The Seattle Seahawks are using Microsoft (MSFT) technology (Microsoft Azure and Power BI) to analyze and plot sports-science data as the team tries to prevent player injuries. MSFT’s Sports Performance Platform utilizes machine learning, predictive analytics and historical data to spot trends between “practice loads and player durability”, with coaches and trainers using the actionable insight gained to customize training regimens for individual athletes. Not everyone is on board though: some players are concerned that the data collected could be used against them (and lead to cuts), while others question the efficacy of the program, with several key Seahawks on season-ending I.R. (Sherman, Avril, Chancellor). Microsoft has plans to “deploy the platform to a broader set of customers.”
Howie Long-Short: MSFT grew revenue 12% YOY (to $24.5 billion) in Q1 ’18, with net income up 16% (to $6.6 billion) over the same time frame. Sparta Science is another company playing in the sports-science space; creating money ball methods to assess injury risk. The company which already works with the Cavs and Falcons, recently signed its first EPL partnership with Stoke City F.C. Sparta Science is privately held, but Qualcomm Ventures, the investment arm of Qualcomm, Inc. (QCOM) participated in the company’s seed round.
Fan Marino: Speaking of Microsoft, the company will remain the NFL’s official sideline technology sponsor through the 2018-2019 season; meaning MSFT will continue to supply Surface tablets (it’s not an iPad, Mr. NFL announcer) for officials to use on video reviews. Coaches and players will also have access to Surface tablets on the sideline, giving them the ability to review previous plays. The deal comes as the existing 5-year $400 million contract comes to an end. Financial terms of the new deal were not disclosed.
How the Seahawks use Microsoft’s new high-tech performance platform to prevent injury and plan practices
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The University of Pennsylvania has signed an exclusive 3-year deal with Sparta Science, an injury management technology company that uses historic data to create models that can predict the risk of injury (both in volume and severity) for athletes. Sparta’s product, marketed as a way for athletic departments to minimize injuries while maximizing performance; has given teams a method of instituting an analytical approach to the athlete’s body (aka money ball for injuries). The software, compatible with triaxial force plates that measure biomechanical movement, offers custom training and rehabilitation programs based on the results of a 60-second test. Since Penn began working with Sparta Science two years ago, the athletic department has seen a 30% decline in the number of injuries and $400,000 annual reduction in related insurance premiums; which offsets the cost of the product.
Howie Long-Short: Sparta Science company could have pursued contracts with the seven other Ivy League institutions, but instead chose to look long-term; focusing on its product over short-term profits. The exclusive nature of the partnership provides Sparta Science with access to Penn’s medical school and to the Wharton School data analytics program; both are participating in research studies with the company. Sparta Science is privately held and has raised just a $2.7 million seed round to date, so there aren’t a ton of ways to play the company; but Qualcomm Ventures, the investment arm of Qualcomm, Inc. (QCOM) participated in the round.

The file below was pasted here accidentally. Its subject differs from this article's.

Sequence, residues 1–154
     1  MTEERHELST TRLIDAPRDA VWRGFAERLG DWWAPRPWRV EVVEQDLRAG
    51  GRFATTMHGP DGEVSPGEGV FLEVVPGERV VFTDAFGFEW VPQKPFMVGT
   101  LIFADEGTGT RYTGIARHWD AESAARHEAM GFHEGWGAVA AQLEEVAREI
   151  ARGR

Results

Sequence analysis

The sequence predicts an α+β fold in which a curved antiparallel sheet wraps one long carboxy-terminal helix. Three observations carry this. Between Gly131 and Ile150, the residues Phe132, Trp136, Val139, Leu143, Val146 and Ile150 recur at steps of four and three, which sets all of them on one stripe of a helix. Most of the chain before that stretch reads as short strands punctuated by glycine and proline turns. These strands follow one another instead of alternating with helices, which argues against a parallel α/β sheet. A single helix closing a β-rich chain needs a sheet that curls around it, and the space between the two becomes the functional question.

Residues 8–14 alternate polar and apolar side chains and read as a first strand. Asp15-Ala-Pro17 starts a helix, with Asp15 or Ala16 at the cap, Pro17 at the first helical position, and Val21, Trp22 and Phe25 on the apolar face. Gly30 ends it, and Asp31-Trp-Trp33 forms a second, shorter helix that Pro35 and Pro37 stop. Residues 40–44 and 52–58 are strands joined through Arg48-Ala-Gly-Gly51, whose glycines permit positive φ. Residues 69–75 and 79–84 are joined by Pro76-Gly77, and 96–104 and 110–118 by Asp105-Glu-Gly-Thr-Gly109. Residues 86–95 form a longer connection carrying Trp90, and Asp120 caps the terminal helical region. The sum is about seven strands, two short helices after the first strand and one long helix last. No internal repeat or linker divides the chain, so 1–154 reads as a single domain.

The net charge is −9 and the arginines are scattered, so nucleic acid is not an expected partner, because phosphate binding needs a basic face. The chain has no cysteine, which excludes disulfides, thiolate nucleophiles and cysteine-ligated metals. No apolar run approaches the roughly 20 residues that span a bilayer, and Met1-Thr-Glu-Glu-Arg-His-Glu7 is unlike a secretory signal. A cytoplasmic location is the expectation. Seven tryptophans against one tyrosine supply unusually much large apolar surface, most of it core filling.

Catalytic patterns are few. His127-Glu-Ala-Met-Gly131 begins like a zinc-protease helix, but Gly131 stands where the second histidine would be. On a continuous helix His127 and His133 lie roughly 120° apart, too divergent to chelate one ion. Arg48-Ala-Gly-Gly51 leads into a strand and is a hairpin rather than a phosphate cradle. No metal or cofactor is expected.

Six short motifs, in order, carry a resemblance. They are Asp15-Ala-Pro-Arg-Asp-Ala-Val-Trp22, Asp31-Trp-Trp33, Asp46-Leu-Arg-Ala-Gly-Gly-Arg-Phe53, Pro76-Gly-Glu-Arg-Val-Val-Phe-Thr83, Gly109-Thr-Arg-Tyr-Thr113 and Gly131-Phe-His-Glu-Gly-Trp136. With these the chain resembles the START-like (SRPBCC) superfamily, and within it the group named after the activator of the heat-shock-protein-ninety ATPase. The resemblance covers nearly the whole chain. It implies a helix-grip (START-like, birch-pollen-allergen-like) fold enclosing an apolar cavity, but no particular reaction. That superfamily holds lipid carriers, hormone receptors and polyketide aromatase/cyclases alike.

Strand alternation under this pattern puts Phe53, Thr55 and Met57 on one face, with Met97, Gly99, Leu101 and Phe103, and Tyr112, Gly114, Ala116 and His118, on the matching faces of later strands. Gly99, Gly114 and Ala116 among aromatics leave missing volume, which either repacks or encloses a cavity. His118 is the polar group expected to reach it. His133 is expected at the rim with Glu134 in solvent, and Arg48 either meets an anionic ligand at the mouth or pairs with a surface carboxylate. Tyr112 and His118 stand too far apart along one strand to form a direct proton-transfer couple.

Fan Marino: With pro athletes earning millions each season, injuries are costly. It’s estimated that ACL injuries alone cost NFL teams an estimated $63 million per year. During the 2016 MLB season, teams spent an average of $26 million in salaries on injured players; so it’s not surprising to see professional franchises joining the Sparta Science client roster. The company has contracts in place with the Cleveland Cavaliers, Atlanta Falcons, San Francisco 49ers, Washington Nationals, Colorado Rockies and San Jose Earthquakes.
Sparta Science Brings Injury Reduction Tech To University of Pennsylvania
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The NFL is getting smarter, as its teams and players embrace the recent explosion in digital health & athletic performance applications. Here at JWS, we look to put the companies (that you can invest in) behind those applications on your radar.
Zebra Technologies (ZBRA); Catapult (ASX:CAT) – Both companies track the movement of players during games, providing next generation stats based on location, speed and acceleration. ZBRA places radio frequency identification tags on each player and receivers around a stadium, then triangulates the position of the tags. CAT uses GPS and accelerometers to determine location and movement.
Sparta Science – Strength tool used to measure the force a player applies to a plate in the ground as he jumps (i.e. the push off). Qualcomm Ventures (QCOM) is among their investors.
STRIVR – Developed a virtual reality system that runs players through practice reps. BMW (ETR: BMW) i venture is among their investors.
Kinduct – Intel (INTC) backed data management company, that converts data into actionable insights; recently partnered with Zebra Technologies.
Howie Long-Short: The NFL has its own private equity arm, 32 Equity. The firms most recent investment was in Blue Star Sports, the Jerry Jones backed sports technology provider. The investment capital will be used to fuel technology acquisitions that enhance the youth sports experience and foster youth sports participation.
Fan Marino: STRIVR was developed at Stanford and first used by David Shaw’s team during the 2014 season. Kevin Hogan was the first QB to use the technology. If you’ve never seen STRIVR in action, check out this 30 second clip!
NFL Technology: What’s New for the 2017 Season